Some more about Kaolack.
Kaolack should be Senegal's second largest city. It sits at the top of a 100 km long estuary, a brackish arm of the sea. This lets Kaolack be a deep-water port -- something that's not so common in West Africa. (Senegal has two. Most of the other countries in the region have one apiece.) However, the estuary is muddy, so any port will silt up and need to be dredged every few years. If it's not dredged, it's shallow-draft only. It hasn't been dredged for a while.
Kaolack sits in the middle of the Peanut Basin, which is an area with decent soil, a fair amount of rainfall (though concentrated in three months per year) and rather a lot of sunshine. The Basin should be an agricultural powerhouse, exporting all over the world. Instead it's full of poor subsistence farmers, small peanut growers who can barely produce a modest surplus, and some plantations run by the Mourides. (The Mourides are a religious... group. Need a post of their own.)
Kaolack used to have a rail line to Dakar. Senegal's rail system was privatized a few years back, the privatization was botched, and the rail line has been dead for years. The rails are still there, but I suspect it would take some money to get the railroad running again -- there are years of deferred maintenance.
Kaolack has roads, of course, but they're not very good. The one to Dakar is a two-laner with a lot of potholes. Others are worse, or much worse.
So what does it all mean?
Let's start with the obvious: God obviously intended for Kaolack to be two things. First and foremost, it should be the economic capitol of the Peanut Basin, draining the Basin's agricultural surplus out to the world while providing warehousing, processing, and services from tractor sales to banking. Second, it should be a regional port and a backup to Dakar, servicing the interior of Senegal and a fair chunk of Guinea-Bissau and Gambia as well.
Instead, it's a garbage-filled slum. The port works, but for shallow draft only. That means everything for export has to be reloaded at Dakar, which adds delay and expense. And transport links to the interior are horrible, so only a trickle of stuff is going in and out anyway. The lack of cheap access to markets is keeping the Peanut Basin poor. The poor farmers are drifting off the land and into cities; since Kaolack is the nearest citiy, the Basin's rural poor are silting up there, unable to either go back or move forward.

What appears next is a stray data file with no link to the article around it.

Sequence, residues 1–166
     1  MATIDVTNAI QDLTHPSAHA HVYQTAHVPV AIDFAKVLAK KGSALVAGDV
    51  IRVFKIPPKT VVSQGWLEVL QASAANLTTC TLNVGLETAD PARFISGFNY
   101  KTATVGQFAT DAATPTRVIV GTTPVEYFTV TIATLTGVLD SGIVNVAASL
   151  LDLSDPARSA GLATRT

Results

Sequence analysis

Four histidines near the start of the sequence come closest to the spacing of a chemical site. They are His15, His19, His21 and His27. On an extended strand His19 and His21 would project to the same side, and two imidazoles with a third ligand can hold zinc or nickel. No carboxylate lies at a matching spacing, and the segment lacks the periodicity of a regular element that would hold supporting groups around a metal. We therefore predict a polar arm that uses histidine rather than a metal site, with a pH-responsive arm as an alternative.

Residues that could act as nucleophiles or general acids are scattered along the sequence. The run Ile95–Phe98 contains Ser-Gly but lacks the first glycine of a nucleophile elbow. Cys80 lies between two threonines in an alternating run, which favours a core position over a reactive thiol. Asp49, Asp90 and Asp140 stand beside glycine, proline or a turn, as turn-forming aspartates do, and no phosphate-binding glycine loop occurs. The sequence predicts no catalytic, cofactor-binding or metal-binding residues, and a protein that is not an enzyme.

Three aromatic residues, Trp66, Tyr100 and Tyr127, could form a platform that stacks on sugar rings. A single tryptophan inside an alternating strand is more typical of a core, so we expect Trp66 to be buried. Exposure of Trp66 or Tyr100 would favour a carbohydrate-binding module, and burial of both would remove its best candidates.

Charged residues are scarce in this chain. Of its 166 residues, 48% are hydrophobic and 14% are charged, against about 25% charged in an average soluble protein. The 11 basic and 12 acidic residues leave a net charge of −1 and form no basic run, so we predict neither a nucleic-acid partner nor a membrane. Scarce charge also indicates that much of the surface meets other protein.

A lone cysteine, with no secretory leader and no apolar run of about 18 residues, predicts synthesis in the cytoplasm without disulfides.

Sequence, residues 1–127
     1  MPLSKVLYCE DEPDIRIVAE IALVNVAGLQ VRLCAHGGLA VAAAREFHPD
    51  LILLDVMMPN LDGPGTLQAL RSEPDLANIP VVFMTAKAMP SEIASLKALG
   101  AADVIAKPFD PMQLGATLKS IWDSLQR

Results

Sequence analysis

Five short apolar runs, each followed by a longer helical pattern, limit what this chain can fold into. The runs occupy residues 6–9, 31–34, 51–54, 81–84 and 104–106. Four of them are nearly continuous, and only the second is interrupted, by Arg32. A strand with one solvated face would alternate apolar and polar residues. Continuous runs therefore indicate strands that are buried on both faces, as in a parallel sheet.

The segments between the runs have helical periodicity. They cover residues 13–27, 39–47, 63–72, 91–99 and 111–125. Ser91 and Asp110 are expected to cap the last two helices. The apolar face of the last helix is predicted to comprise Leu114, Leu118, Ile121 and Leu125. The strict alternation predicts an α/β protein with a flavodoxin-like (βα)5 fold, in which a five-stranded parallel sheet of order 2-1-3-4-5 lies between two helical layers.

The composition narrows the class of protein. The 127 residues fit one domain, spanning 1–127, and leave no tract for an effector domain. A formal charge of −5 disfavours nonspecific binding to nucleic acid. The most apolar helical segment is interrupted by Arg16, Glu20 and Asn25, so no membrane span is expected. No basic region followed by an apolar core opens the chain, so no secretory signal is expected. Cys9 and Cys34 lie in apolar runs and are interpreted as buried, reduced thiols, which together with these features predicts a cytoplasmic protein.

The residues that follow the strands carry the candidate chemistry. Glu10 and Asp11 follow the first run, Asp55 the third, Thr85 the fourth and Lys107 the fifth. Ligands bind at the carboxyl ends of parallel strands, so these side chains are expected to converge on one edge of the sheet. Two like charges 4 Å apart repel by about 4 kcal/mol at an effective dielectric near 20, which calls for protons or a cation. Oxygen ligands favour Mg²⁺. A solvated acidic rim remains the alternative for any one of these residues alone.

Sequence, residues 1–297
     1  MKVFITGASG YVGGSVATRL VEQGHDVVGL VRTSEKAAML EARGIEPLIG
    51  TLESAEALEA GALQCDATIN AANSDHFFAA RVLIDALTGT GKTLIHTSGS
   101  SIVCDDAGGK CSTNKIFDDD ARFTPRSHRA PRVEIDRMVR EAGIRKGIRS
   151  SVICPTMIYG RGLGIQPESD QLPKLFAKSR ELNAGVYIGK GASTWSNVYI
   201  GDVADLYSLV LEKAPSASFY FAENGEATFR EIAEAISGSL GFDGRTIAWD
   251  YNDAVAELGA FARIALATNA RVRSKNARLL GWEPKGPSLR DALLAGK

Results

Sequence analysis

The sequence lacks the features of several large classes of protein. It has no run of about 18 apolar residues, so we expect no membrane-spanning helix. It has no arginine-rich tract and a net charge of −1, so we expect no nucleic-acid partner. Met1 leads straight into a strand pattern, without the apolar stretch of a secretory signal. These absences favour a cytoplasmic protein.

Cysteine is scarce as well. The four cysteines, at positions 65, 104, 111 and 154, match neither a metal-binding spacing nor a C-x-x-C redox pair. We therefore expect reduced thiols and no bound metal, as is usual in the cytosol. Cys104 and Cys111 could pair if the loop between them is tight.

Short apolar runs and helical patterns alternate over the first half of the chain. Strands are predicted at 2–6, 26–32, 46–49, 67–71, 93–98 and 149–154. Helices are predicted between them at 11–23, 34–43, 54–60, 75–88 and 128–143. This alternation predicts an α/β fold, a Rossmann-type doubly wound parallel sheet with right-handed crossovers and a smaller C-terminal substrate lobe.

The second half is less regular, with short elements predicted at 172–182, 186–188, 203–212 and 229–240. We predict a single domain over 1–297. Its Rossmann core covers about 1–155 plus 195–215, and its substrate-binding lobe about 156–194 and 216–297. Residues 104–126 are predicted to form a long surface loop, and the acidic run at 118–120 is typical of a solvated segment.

Basically, it's a huge blocked drain.
The problem here seems to be almost purely one of infrastructure. Kaolack was prosperous in colonial days, and in the first generation after independence. The current decline started after 1980, and accelerated dramatically in the last 15 years -- during which time, pretty much nothing has been done to improve or even maintain Kaolack's port or roads.
Large infrastructure projects are the responsibility of the central government. The Kaolackois have a variety of theories as to why the government is screwing them over. Here are the two that seem most plausible:
1) Since 1980, Kaolack has consistently supported opposition candidates and parties. Over many election cycles, this has encouraged consecutive governments to punish Kaolack.
2) Dakar is suppressing Kaolack, because it doesn't want a rival port.
I find both these plausible, though neither is entirely satisfying. (Would successive governments really be that assholic? Kaolack is 1/10 the size of Dakar, and much poorer; is it really a plausible rival?) I'd throw in a third: Kaolack has now reached a state where fixing its problems would require some real money. While Senegal is doing OK by West African standards, they don't have a lot of money to throw around. So even if everyone meant well, it wouldn't be easy to reverse 30 years of neglect.
On the other hand, at least it should be possible, and (I think) fairly straightforward. Dredge the port, fix the roads, maybe get the railroad running again. You could throw in some frills like a special tariff for imports there, or maybe a Special Economic Zone -- I don't love those, but this seems like one place they might do some good. But really, just fix the infrastructure. Unclog the drain, and stuff will flow. Or so it seems to me.
And that's my very brief development case study for today.